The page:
8. Hoosiers – One of the great sports movies of all-time, and probably the best movie about basketball. I’ll agree with The Sports Guy that the pseudo-romance between Hackman and Barbara Hershey is totally out of place and doesn’t work at all. Nice performance by Dennis Hopper, much better than the scenery chewing in the ghastly Blue Velvet, also from this year. Director David Anspaugh went on to make Rudy and not much else.

7. Ferris Bueller’s Day Off – My pick for the Best John Hughes movie, and there isn’t a greedy redhead in sight. Give me Mia Sara’s inexplicable accent over Molly Ringwald’s money-grubbing social climbers any day. Iconic performance by Matthew Broderick, classic supporting performances from Ben Stein, Edie McClurg, Jeffery Jones, Charlie Sheen, Alan Ruck and Jennifer Grey. The only problem with it is the totally unrealistic absence total Ferris has accumulated. 9 times? Please. That’s less than nothing.

6. The Name Of The Rose – Not surprisingly, the book is much better. Sean Connery is great as the sleuthing monk fighting the hordes of ignorance and superstition as he tries to solve a series of murders at a Dark Age abbey. Christian Slater, though, is not very good at all. F. Murray Abraham and Ron Perlman are decent in supporting roles, but neither gets much time to develop a character or anything. Director Jean Jacques Annaud went on to make The Bear, Enemy At The Gates and Seven Years In Tibet. Not an especially interesting career. The book’s great though. It’s Eco’s first novel, and his books tend to get worse as he goes along, so this one is highly recommended. The next one, Foucault’s Pendulum, is also great.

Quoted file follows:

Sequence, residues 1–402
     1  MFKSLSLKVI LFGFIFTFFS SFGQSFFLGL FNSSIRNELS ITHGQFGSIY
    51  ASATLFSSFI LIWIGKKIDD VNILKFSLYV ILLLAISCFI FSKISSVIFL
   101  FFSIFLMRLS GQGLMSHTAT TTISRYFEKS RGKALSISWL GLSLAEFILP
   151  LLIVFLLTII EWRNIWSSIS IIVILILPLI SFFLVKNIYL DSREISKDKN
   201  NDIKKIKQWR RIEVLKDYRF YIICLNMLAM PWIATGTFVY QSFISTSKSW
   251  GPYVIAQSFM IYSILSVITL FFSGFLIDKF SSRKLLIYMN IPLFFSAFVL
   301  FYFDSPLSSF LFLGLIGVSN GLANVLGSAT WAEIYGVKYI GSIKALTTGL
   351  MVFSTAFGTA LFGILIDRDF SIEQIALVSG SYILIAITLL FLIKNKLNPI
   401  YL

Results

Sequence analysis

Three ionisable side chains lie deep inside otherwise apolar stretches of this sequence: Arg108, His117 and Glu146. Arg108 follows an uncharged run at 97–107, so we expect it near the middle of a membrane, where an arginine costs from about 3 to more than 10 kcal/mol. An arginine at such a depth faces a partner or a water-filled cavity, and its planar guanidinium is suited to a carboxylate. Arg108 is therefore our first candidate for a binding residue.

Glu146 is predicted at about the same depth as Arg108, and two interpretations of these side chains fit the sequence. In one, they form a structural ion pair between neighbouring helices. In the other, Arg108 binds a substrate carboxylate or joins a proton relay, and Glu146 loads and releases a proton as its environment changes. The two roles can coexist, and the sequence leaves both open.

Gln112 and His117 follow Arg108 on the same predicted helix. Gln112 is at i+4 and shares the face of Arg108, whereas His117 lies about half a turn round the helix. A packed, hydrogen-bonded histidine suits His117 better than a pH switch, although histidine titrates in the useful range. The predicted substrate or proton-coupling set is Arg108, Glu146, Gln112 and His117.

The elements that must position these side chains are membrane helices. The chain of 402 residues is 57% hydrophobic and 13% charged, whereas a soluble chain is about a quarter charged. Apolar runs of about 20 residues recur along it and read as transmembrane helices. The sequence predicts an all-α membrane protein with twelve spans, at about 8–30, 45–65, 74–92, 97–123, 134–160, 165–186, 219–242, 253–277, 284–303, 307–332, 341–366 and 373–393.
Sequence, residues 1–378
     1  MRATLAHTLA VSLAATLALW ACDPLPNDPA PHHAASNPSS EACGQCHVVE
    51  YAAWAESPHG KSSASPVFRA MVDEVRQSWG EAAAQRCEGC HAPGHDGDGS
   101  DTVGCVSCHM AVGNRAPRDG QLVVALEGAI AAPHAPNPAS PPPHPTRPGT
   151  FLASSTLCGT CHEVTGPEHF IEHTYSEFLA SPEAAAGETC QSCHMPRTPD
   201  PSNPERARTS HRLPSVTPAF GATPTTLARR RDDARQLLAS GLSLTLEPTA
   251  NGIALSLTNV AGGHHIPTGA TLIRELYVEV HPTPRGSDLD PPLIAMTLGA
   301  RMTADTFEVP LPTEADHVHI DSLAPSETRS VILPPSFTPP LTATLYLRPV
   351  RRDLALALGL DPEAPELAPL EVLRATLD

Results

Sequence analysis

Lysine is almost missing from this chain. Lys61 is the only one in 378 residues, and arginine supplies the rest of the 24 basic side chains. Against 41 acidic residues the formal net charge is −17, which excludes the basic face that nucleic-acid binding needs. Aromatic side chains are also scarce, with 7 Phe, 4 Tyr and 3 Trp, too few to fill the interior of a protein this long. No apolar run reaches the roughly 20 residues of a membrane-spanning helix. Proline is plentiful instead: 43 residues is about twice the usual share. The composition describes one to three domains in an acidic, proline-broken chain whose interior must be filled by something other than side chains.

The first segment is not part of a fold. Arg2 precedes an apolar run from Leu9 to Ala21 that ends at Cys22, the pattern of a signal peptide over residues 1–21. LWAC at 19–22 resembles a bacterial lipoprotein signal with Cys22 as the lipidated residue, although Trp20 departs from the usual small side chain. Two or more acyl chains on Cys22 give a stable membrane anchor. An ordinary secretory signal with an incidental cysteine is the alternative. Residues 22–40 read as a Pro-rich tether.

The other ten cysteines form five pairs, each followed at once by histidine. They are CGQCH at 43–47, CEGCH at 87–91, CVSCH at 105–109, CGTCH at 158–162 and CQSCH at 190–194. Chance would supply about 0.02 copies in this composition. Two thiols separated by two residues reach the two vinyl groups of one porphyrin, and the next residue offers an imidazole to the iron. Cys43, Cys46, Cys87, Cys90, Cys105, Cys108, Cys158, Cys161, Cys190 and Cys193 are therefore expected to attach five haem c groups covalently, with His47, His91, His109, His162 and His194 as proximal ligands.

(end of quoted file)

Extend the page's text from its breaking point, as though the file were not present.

5. Top Gun – One of the better high-concept action movies of all-time. Chock full of great air combat scenes and blatant homoeroticism. Quentin Tarantino’s speech about this movie in the film Sleep With Me is one of the classic bits of film criticism. I have to say I’m more a fan of Tony Scott than his brother Ridley. I appreciate the fact that Tony seems to know what he’s good at and sticks to making the best action movies he can. Whereas Ridley tends to annoy me with his pretensions at profundity (Blade Runner, Thelma and Louise, Gladiator). Anyway, Top Gun’s got a great cast (Cruise, Anthony Edwards, Tom Skerritt, Meg Ryan, Tim Robbins and Val Kilmer), a great soundtrack, is great looking, full of memorable lines and wall-to-wall inanity for a plot. You’ve gotta love it.

4. Aliens – It’s an odd year indeed when Top Gun isn’t even the best action film of the year, but that’s the case this year when the competition is perhaps the single greatest action movie of all-time. I definitely recommend sticking with the theatrical release, because much like with Apocalypse Now, while the extra footage is definitely interesting, it slows the pacing down way too much. Pace what Aliens is all about as the action never stops. It’s like the last 45 minutes of Hard-Boiled, only less balletic, but stretched over 2 hours. There’s supposedly a theme about Ripley and trying to be both a mother and an action hero (working mom) at the same time, but don’t believe it. Bill Paxton delivers another classic performance as Hudson (Game over, man! Game over!) and Michael Biehn is solid as he always is in James Cameron movies. Lance Henrikson and Paul Reiser also star. James Cameron’s best movie.